Teens and Teen Workers

Cohort-based models of apprenticeship for young professionals

The past year and the pandemic has made remote work an accepted reality for thousands of workers. This has been a "silver lining" of expanding and normalizing a common reasonable accommodation request long championed by workers with disabilities. Microsoft has dramatically expanded their accessibility features, including built-in speech to text technology which makes it possible for people with even the most limited mobility to use computers. This, along with free instant captioning on Zoom and other breakthroughs, has opened an unprecedented window for people with disabilities to contribute to the success of nonprofits, communities and beyond. Remote work also has great promise at expanding apprenticeship programs into more diverse sectors of the American economy, especially the knowledge economy. RespectAbility has retooled our own National Leadership Program from being a cohort-based, Washington D.C.-located internship program into an all-virtual, work-from-anywhere skills-based training program. Such approaches have major implications for efforts to train workers for good paying jobs in the knowledge economy and the non-profit sector.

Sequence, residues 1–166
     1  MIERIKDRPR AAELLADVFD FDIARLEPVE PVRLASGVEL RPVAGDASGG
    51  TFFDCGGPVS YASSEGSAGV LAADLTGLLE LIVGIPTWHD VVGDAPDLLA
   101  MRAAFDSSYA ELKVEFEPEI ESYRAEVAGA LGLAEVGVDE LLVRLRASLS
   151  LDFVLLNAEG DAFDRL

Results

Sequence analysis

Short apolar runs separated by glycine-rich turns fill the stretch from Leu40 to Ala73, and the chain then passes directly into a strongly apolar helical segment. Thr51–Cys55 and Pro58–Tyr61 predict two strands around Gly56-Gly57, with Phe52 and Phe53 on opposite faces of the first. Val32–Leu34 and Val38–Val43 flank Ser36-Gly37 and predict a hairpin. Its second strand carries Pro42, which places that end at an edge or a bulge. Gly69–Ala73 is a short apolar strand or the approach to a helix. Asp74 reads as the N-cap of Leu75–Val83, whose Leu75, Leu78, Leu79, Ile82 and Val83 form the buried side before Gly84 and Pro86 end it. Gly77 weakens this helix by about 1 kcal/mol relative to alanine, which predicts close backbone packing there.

Now, it is critical to note that as part of our organizational evolution and program development, we have grounded our fellowship program in a thorough curriculum that reflects lessons learned on implementing an equity based organizational culture. From using preferred pronouns, to recruiting candidates from diverse secondary education institutions, we have striven to offer our program to the widest, most diverse pool of candidates with disabilities that we can possibly recruit. We have learned and documented valuable lessons that can easily be replicated in other venues and for other virtual, cohort-based workforce programs.

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Idea No. 182